How Much Should I Save?

I get asked “how much money should I save?” quite often.

It’s one of those questions that people want a black and white answer to.

And it’s hard not to blame them. Personal finance is hard. We want shortcuts. We want easy answers. We want a cookie cutter approach.

But asking how much to save (whether a specific dollar amount or percentage) – is kind of like asking the following questions:
how much should i save

“How much income should I make?”

“How much food should I eat?”

“How many miles should I drive my car?”

“How much water should I drink?”

“How many years should I work?”

… and expecting one identical numerical response for everyone.

These are all questions that beget more questions in order to qualify a serious answer. For me or anyone to give you a cookie cutter answer in terms of a percentage or specific dollar recommendation would be doing you a great disservice.

So when I see other supposedly legitimate personal finance sources try to cut some cookies, it makes me want to gouge my eyes out with a spork.

Here’s a gem of one I found a while back, which they (I’ll save their reputation with anonymity) prescribe as the “50/20/30 Rule”:

“50% should be reserved for essentials (think housing and food), 30% should be allocated for lifestyle choices (things like nights out and 121 channels of cable), and at least 20% should go toward what we call “financial priorities,” which include debt payments, retirement contributions and, of course, savings.”

There are so many things wrong with this prescription, it’s challenging to list. But I’ll take a hearty stab at it:

  1. First and foremost, it presumes that you should spend up to your level of income. This could be the worst financial advice anyone could EVER give you. Michael Jackson or M.C. Hammer, anyone? The more you make, the higher your percentage of savings should be.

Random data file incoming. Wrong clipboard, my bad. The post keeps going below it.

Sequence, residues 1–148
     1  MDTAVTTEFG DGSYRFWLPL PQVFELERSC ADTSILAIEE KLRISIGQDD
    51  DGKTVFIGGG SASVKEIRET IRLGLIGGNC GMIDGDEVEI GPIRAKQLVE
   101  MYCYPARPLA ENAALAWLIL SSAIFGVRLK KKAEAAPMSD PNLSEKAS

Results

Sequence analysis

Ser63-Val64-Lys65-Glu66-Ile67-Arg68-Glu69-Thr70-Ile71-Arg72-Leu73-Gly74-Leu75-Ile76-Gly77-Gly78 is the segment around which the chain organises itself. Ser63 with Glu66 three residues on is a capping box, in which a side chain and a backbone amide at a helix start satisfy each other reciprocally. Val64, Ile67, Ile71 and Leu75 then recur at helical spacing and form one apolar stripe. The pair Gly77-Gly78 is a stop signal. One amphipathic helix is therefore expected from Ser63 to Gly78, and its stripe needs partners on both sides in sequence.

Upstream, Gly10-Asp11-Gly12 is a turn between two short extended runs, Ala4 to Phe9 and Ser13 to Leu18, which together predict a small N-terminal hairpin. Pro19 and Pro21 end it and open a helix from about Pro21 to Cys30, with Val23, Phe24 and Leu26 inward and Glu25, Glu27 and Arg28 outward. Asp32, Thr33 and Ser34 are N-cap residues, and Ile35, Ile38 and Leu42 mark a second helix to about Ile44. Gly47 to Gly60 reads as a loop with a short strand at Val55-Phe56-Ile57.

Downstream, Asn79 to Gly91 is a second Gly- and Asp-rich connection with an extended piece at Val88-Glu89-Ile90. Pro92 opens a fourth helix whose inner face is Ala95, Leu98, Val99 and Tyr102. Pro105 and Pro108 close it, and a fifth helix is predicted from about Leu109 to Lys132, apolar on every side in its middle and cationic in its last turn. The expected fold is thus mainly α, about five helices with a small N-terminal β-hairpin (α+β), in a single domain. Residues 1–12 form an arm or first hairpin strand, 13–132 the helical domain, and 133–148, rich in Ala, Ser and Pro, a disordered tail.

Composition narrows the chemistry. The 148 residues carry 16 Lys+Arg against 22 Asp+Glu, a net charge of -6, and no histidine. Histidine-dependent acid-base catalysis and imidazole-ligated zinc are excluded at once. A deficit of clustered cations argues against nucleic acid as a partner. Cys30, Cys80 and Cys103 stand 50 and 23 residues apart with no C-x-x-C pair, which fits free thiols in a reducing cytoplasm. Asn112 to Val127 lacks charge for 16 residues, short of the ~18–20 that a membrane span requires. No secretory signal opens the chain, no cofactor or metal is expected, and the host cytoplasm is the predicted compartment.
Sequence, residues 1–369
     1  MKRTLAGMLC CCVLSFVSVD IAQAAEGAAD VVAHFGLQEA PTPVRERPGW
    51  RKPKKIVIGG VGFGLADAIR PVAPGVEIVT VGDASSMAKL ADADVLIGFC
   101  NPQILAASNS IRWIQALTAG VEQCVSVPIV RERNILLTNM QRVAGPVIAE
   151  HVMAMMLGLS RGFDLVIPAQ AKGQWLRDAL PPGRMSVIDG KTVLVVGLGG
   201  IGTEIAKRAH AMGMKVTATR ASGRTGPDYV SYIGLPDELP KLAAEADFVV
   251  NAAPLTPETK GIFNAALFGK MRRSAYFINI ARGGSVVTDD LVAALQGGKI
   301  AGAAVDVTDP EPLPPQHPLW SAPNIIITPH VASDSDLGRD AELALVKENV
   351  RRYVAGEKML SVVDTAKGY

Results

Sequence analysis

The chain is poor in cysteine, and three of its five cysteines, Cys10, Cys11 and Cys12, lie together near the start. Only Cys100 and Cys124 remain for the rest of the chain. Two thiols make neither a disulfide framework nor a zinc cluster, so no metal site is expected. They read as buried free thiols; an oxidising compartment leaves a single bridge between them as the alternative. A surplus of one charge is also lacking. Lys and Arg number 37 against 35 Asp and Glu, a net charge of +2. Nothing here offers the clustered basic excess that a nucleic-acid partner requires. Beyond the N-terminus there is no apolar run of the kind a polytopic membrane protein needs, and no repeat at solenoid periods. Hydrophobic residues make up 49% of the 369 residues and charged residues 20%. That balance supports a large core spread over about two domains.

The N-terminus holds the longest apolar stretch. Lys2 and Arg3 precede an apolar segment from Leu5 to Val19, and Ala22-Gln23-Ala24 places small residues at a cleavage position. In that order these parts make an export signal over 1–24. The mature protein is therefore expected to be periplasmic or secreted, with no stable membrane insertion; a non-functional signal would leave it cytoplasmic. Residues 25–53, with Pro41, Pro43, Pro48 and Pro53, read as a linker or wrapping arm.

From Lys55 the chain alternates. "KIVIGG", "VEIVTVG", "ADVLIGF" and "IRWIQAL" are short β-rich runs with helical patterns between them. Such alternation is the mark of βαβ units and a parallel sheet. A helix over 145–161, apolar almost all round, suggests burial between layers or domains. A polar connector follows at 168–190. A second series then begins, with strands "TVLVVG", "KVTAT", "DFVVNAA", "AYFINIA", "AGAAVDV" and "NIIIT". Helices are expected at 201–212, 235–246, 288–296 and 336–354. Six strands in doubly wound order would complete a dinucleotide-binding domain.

2. There is no customizing towards personal goals at all. Does the person we are prescribing this solution to have a main goal of early retirement, buying a house within 2 years, paying off $50k in credit card debt? We just don’t know or care, with the cookie cutter approach.
  3. Only 20% towards “financial priorities” like debt payments, retirement, and savings? Meanwhile 30% (50% more) towards superfluous stuff like “nights out” and “121 channels of cable”? That’s a short cut to the poor house.
  4. Does a mortgage qualify as an “essential” or a “debt payment financial priority”? Not sure, but this cookie leaves a lot of room for interpretation.
  5. And what if you put your “financial priorities” 20% towards paying off student loans, leaving zero for retirement or other goals? At least you got your nights out and cable TV, I suppose.

You’d be foolish to take this advice and even more foolish to give it.

And then there’s the old adage of “you should save 10% towards retirement”.

This is probably one of the oldest bits of advice in the personal finance memesphere, and it keeps rearing its ugly head over and over.

What is the reality of 10% savings? Well, assuming you keep up with inflation and work 40 painstaking years, you’ll have effectively replaced only 4 years of income for retirement. If that’s all you’ve saved, you better hope and pray that Social Security benefits dramatically increase (highly unlikely) or that you die pretty quickly after retiring.

These dismal savings levels are mostly why you probably won’t receive an inheritance, because the average retirement savings are dismal:

  • Only 15% aged 44-54 have over $250,000 saved
  • Only 19% aged 55+ have over $250,000 saved.
  • 44% aged 44-54 have less than $10,000 in total savings.
  • 29% aged 55+ have less than $10,000 in total savings.

And it’s probably why most generations will be almost completely dependent on government assistance for life sustenance.

Sadly, 10% is more than 2X the average American personal savings rate of 4.6%. And the millennial personal savings rate is even worse. Not good…

So… how much should you save?

Here’s the most cookie cutter answer I can fairly give you:

Save every damn cent that you possibly can without reducing sustainable happiness.

Your future self will thank you. And maybe even your present self too.

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